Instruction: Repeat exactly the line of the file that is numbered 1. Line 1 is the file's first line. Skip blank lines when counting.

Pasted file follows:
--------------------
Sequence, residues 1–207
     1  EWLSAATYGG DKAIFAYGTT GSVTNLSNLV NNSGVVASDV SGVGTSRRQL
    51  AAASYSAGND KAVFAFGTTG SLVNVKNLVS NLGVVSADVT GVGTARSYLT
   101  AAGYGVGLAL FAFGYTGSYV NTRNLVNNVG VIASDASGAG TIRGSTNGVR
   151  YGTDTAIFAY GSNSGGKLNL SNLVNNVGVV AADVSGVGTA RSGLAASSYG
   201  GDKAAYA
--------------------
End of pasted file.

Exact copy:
Sequence, residues 1–207